As I sat eating boiled eggs with my 6 year old daughter yesterday, she told me about the chicks at school which had hatched the day before. In the playground her friend had told her that girl chickens make eggs that hatch into chicks and male chickens made the eggs that we eat for breakfast. ‘Hmm’ I said ‘not sure it’s quite like that’. We then proceeded to have a conversation about fertilization and the unique roles males and females have in reproduction. As she contemplated the conversation and munched on her soldiers she sighed and said ‘that’s amazing’. ‘Yes’, I thought ‘it really is amazing’.
So why is it that for some talking about something so amazing can be so scary? Admittedly for me the conversation felt natural, but then again after 15 years of working in sex and relationships education (SRE) one would expect a certain level of confidence- which makes me think that confidence really is the key. Over the last 25 years the primary role of the Sex Education Forum (SEF) has been about building confidence. Whether it is the confidence of teachers to deliver SRE, or schools to review SRE, for policy makers to advocate for better SRE, young people to campaign for SRE, or for parents to talk to their children, we can not underestimate the importance of organisations like SEF in showing the world that SRE is NOTHING TO BE SCARED OF!
As part of their quest to build the confidence of practitioners, SEF have published a range of resources, many of which I have had the fortune of being involved with. One resource ‘Laying the Foundations: A practical guide to SRE in primary schools’ published today, has been particularly close to my heart. Having my own young children I have realised the importance of SRE starting early and for competent and confident teachers to deal with this topic in a sensitive way. Building the confidence of primary schools to plan and deliver quality SRE which children need and deserve is really important, and this new resource is designed to do just that. As for parents, every one I have ever spoken to has agreed that when their children start asking about the birds and the bees over breakfast it would be reassuring to know that their school would help with answering these questions. Now if every school could, wouldn’t THAT be amazing!
I’m of the generation where sex education was most notable for its absence. My mother merely told me ‘not to be taken advantage of’ and I seem to remember being very close to the point of no return when I realised what she meant. I had given up biology at age 13 and it wasn’t until my final year in secondary school (how ‘too little, too late’ is that!) that I had my one and only sex education lesson. A science teacher who was married and had recently left to have a baby (all presumably judged essential qualifications to talk about sex in those days) was brought back into school especially for this.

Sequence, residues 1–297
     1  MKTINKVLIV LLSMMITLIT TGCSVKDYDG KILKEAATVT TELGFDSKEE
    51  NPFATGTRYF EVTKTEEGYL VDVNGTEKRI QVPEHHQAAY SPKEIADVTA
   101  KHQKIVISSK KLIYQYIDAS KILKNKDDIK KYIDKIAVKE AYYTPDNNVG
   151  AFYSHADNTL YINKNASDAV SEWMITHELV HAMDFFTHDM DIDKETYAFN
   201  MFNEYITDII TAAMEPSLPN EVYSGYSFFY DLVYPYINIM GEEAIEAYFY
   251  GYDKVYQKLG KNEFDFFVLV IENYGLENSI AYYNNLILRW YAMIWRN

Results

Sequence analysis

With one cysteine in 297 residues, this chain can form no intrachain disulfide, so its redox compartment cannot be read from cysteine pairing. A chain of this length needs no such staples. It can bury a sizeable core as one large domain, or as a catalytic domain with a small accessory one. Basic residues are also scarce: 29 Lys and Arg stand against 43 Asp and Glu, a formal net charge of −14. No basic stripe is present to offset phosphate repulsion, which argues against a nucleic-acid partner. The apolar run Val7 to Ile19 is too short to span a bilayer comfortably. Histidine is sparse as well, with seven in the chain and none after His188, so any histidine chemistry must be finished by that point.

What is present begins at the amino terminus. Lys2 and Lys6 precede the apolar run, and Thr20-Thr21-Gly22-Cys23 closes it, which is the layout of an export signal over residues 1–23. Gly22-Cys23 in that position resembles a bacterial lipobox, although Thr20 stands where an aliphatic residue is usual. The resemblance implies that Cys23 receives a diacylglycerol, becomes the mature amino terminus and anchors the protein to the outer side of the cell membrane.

As a young woman, the impact of what was then called ‘women’s liberation’ and of books like ‘Our Bodies Ourselves’ (I still have my original copy) was enormous and life-changing. So I guess it wasn’t really such a huge step when I moved from teaching to health promotion and was invited by my enlightened (and brave) then boss Margaret Jones to take on, together with Hilary Dixon, the re-writing for the British market of a groundbreaking book written by an Australian collective of feminists. The book was called ‘Taught not Caught: Strategies for Sex Education’.
That was in 1984, around the time that Victoria Gillick was challenging in law the right of under-16s to contraceptive advice without parental knowledge or consent. My passion for young people’s entitlement to the best possible education, information, advice and support around relationships and sexuality was well and truly born.
Many, many years (and a whole range of different jobs) later, in 2006-07 I was seconded for 12 months to cover Anna Martinez’ position as Sex Education Forum Coordinator. By then, the key political drive was for Personal, Social and Health Education (PSHE) to become statutory, and for sex and relationships education (SRE) to sit firmly within PSHE. SEF’s ‘Beyond biology’ campaign was a logical step towards this. For a long time, young people had been telling anyone who would listen that the biology of reproduction was not enough – they wanted to learn about relationships as well as sex, and they needed SRE at the right time and as part of a whole programme of PSHE.
The most memorable event for me in that busy and challenging year at SEF was when the UK Youth Parliament finally published their survey of over 21,000 young people’s views on SRE. They launched their report ‘SRE: Are you Getting it?’ with its eight recommendations in June 2007 at the House of Lords, with full cross-party support. For me, that represented SEF at its best – underpinning with strong and consistent support, while young people held the floor and gave their all to driving forward desperately needed reforms.
I retired recently, but most weeks I see or hear something in the media about sex and young people. The need to support young people to stay sexually healthy and safe will probably always be there, albeit in different guises as time and technology move on. Will SEF stay the course? Let’s hope so!
Sex Education Forum Coordinator, 2006-07